Wednesday, January 27, 2010
The Morning After: Goliath takes a seat
By Eamonn Brennan
The Morning After is our semi-daily recap post. Try not to make it awkward.
Devan Downey did most of his damage off the dribble, which led to 23 of his 30 points.
South Carolina 68, No. 1 Kentucky 62: There's nothing quite like your roommate coming home from work, glancing at the game you're watching, and asking who South Carolina's best player is and you telling him it's 31-points-per-game scorer Devan Downey ... and then watching as Downey hits a series of clutch down-the-stretch baskets one more unfathomable than the next. The fallaway three-point play? The extra-tight crossover on the left block? That probably-a-little-lucky-but-who-cares spin move through a sagging, slapping defense, ending with a teardrop high off the glass? Downey finished with 30 points on 9-for-29 shooting, but who cares? He got to the line all the time, and he made so many key buckets in crunch time that a few (OK, a ton of) early misses can be excused. If the average college basketball fan wanted to get to know this 5-foot-9 guy from South Carolina they'd been hearing about, well, there he is. He's pretty awesome, huh?
In the meantime, there are sure to be a flood of stories about why this is a good loss for Kentucky. That makes sense. It will disappoint Kentucky fans that their ascent to college basketball's upper crust has been derailed so quickly, but the more reasonable among them would have had to assume it would happen eventually. Upsets happen. All Kentucky can do is take the lessons from Tuesday night -- John Wall and Eric Bledsoe must protect the ball better; when DeMarcus Cousins has position, he needs the rock; help defense means stopping penetration and recovering to your man -- and apply them as they go on their quest for a national title. I'm not sure I buy the good loss theory. There are no such things as good losses. But there are plenty of good lessons to come from losses, and those are what Kentucky needs right now.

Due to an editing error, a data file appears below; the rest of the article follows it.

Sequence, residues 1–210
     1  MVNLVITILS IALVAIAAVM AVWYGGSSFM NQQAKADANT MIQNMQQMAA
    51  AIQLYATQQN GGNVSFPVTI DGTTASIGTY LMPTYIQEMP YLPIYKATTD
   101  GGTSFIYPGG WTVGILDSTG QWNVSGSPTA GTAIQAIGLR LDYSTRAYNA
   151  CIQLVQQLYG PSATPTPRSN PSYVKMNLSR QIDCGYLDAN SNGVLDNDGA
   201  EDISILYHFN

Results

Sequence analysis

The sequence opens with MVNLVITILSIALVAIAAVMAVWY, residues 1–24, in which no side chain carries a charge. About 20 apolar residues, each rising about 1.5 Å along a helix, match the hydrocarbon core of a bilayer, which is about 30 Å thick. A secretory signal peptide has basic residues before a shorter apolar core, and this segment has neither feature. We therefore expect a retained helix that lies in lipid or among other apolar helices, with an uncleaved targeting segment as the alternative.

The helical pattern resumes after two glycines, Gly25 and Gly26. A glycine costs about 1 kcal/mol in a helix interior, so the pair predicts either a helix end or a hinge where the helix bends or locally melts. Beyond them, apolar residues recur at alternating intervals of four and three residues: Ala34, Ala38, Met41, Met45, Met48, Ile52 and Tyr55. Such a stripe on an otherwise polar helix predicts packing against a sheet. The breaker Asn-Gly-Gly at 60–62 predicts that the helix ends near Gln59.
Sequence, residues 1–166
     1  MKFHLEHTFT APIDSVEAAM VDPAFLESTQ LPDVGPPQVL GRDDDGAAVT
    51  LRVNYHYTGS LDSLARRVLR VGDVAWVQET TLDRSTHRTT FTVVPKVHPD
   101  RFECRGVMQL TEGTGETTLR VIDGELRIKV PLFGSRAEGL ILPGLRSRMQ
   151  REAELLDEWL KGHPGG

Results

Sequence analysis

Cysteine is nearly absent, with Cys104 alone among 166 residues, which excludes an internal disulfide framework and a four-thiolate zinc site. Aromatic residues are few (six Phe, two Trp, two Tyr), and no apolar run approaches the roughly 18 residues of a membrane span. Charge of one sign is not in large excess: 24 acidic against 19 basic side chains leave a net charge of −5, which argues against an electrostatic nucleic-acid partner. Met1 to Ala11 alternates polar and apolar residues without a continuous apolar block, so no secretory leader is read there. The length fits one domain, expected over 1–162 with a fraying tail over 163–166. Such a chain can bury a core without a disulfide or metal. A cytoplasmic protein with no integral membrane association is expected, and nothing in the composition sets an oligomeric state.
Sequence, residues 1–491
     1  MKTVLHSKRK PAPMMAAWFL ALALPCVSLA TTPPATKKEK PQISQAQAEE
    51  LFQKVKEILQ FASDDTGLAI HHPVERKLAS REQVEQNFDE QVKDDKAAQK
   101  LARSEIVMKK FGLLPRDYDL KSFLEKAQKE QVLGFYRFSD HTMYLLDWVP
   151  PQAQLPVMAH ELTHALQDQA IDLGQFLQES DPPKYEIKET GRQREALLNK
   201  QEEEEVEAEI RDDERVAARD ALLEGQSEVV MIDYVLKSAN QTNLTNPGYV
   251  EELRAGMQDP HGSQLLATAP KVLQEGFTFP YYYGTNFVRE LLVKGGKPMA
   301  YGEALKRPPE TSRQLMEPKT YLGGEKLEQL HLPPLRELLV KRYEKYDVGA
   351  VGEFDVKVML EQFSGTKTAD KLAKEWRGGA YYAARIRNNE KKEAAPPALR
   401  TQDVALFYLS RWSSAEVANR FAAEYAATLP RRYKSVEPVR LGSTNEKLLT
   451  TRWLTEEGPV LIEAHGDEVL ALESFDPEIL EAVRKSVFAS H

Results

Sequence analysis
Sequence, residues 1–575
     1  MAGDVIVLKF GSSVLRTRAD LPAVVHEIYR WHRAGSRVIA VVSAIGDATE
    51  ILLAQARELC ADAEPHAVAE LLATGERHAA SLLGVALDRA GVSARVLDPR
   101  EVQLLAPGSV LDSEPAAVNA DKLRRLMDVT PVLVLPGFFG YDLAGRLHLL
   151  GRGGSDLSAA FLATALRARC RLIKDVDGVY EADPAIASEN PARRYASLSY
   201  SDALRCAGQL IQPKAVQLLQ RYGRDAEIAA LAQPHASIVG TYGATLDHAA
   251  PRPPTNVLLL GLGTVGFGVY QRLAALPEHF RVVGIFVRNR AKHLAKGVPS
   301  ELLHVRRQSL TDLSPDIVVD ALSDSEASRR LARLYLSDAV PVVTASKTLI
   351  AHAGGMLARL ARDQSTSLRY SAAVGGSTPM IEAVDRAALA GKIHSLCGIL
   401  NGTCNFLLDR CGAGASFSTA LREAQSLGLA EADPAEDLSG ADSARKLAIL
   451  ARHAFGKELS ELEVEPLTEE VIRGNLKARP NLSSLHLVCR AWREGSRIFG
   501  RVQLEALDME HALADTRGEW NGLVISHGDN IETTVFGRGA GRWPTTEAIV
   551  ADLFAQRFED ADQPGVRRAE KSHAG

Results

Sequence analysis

No. 5 Michigan State 57, Michigan 56: I have no allegiance to Michigan, other than my affection for a friend who went there, and that has nothing to do with Michigan basketball. (Plus, that friend broke our fantasy league's traveling trophy yesterday, so I couldn't care less about him right now. Such disrespect!) I attended a rival Big Ten school. But I have to admit I'm starting to feel a little bit sorry for Michigan fans. First their team is ranked in the top 15 at the beginning of the season. Then they have to suffer through 19 games of mediocre, lifeless basketball, nine of which the Wolverines lost. Then their best player is suspended for a date at Purdue. Then they welcome No. 5 Michigan State, play the Spartans tough for 40 minutes, lose a one-point lead on a Kalin Lucas jumper with 3.5 seconds left, and then rim out an inbound play that nearly got them a two-foot game-winner with less than a second left. I mean, yikes. Whether Michigan should be better than this or not is up for debate; whether their fans expected more and are now forced to face a 10-10 team is not.
But there is a silver lining here, however bleak it may be: Even if Michigan had won last night, it's not like they'd be in the tournament for sure. Heck, even if they'd won, converted the win into momentum, and finished the Big Ten regular season strong, there's no guarantee the committee will find the Wolverines worthy. Michigan will probably need to win the Big Ten tournament to get in the NCAA. Look on the bright side, Michigan fans: This loss, painful though it may be, doesn't really matter.
No. 13 Kansas State 76, Baylor 74: Smart money was on this being a close game, an eminently winnable one for Baylor if the Bears kept K-State off the free throw line. At the most crucial time, that didn't happen: LaceDarius Dunn fouled Jacob Pullen with eight seconds left to put the Wildcats guard on the free throw line, where Pullen knocked down the two game-winning shots to give K-State a steal of a win on the road. Baylor actually shot more free throws than Kansas State; the Bears also managed to keep turnovers low and rebound a decent portion of their offensive misses. The difference was in the shooting. Kansas State shot a 58.8 eFG percentage, while Baylor shot 43.2 eFG, and the Bears' solidity in other facets of the game wasn't enough to overcome a cold night in Waco.